It’s important to remember when researching home theater systems that how many watts a particular system has is a poor measure of the quality. The watts only describe how loud it can get, not how good it sounds. It’s always a numbers game with technology and for marketing purposes it makes sense, however a higher number of watts certainly does not mean a better sound system. A 100w system has plenty of power and can easily sound better than a 300w system if designed correctly.
4K. Everyone’s heard of it, few understand what it means. 4K has four times the resolution as compared to a 1080p tv. We’re talking about a difference between 2 million pixels with 1080p and over 8 million pixels with 4K. This sounds and looks good on paper (that’s why everyone’s heard of it and why it’s marketed) but it may have less of an impact in reality. While the jump in resolution is huge, it is much less noticeable than the difference between standard definition and high definition content. Think of when you first saw a blu-ray compared to a DVD. It looked incredible! This is the difference between 480p and 1080p content. The jump from 1080p to 4K is considerable but we’re going from pretty good to great, not poor (480p) to pretty awesome (1080p). All this aside, almost all tv’s now are created with 4K as their panel resolution. The big sticking point with the difference in resolution is that it can be hard to tell the difference between 1080p and 4K. As mentioned before there is a huge difference in the number of pixels, but you need to be a certain distance away from the screen to notice the hike. The graph below shows the screen size to viewing distance and where those lines cross is where the benefit of UHD (4K) becomes apparent.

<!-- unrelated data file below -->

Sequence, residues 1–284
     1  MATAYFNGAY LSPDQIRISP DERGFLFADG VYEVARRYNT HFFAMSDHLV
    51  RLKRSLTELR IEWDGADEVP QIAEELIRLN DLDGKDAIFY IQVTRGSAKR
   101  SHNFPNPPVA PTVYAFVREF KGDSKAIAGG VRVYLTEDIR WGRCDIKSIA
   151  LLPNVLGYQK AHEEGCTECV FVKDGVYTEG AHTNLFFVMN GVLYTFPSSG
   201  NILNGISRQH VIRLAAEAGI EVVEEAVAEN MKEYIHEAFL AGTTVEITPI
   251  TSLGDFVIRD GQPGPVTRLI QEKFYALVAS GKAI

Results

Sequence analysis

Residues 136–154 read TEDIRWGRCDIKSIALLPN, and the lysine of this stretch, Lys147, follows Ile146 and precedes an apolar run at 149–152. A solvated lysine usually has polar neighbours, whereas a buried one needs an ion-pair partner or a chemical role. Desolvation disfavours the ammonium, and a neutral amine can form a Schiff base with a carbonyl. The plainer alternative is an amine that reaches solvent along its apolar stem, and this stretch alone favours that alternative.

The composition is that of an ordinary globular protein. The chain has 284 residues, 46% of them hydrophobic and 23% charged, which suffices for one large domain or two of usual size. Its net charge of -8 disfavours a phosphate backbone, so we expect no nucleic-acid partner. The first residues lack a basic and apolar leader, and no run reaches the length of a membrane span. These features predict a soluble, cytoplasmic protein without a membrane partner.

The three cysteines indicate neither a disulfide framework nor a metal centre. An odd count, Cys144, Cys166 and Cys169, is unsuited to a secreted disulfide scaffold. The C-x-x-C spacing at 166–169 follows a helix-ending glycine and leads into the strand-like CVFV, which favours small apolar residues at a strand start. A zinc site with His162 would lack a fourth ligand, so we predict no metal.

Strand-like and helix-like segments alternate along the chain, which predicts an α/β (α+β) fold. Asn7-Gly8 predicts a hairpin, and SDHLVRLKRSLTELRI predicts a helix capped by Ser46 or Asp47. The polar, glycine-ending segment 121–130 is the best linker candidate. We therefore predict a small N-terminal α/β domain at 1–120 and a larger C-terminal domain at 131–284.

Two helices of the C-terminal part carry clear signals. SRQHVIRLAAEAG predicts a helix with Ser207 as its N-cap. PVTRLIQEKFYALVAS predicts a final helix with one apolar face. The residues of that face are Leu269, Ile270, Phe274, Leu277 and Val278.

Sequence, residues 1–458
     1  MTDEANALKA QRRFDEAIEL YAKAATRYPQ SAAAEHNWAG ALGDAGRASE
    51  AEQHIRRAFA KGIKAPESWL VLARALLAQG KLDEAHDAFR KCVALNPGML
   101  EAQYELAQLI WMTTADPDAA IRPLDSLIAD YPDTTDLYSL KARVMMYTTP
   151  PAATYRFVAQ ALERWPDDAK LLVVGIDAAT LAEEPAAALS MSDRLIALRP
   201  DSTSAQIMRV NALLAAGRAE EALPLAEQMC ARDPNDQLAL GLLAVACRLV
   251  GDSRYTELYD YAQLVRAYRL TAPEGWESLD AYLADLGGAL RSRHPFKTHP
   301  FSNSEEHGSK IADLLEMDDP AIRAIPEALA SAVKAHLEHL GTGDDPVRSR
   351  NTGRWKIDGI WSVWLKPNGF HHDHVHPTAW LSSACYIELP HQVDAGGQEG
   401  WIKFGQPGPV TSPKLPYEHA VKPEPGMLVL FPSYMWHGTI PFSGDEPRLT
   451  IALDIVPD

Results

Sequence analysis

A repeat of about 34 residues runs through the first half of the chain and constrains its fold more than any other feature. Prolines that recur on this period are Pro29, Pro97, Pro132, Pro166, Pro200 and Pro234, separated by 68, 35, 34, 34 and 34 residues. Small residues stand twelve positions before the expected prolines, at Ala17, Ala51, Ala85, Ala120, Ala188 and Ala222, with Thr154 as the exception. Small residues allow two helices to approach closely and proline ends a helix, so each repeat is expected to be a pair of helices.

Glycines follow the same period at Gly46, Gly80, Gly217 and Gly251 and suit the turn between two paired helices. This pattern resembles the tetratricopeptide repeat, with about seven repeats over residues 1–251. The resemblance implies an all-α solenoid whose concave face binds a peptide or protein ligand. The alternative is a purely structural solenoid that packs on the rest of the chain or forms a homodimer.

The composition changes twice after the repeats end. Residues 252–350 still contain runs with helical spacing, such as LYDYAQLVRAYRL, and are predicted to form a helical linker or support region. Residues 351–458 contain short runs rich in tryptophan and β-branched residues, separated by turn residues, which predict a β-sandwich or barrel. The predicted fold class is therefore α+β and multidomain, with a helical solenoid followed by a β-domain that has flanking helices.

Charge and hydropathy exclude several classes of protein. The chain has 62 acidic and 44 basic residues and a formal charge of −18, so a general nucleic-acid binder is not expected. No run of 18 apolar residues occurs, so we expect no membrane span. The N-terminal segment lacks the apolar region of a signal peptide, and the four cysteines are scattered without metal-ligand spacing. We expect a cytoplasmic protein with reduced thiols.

Ultra HD being 4K, “Higher Resolution” being 5K or higher
The gist of this graph is that the bigger the screen and the closer you are, the more obvious the extra pixels are. Most people don’t sit 6 feet or closer to their tv so 4K by itself may seem a little lackluster. The good news is that 4K tv’s also pack in a lot of new technology that aids the picture quality outside of just a resolution jump. New image processing, local LED dimming, wider color gamuts, and slick motion handling are all wrapped in with the purchase of a new 4K tv and trust me, these differences are noticeable even to someone who could care less about the kind of tv they have. If you went to Best Buy two years ago and looked at the tv’s then, and compared them to the tv’s of 2016 you’d be blown away. So in short 4K in itself isn’t the upgrade most people are looking for but throw that in with the whole package of new tv technology and you’ve got yourself a compelling reason to upgrade to a 2016 4K tv.
Hopefully you’ve now learned some of the basics of buying/upgrading your home theater system and stay tuned for more of my posts!
Dolby Home Theater Details
Updated 12/11: Edited content for easier reading and for coherence.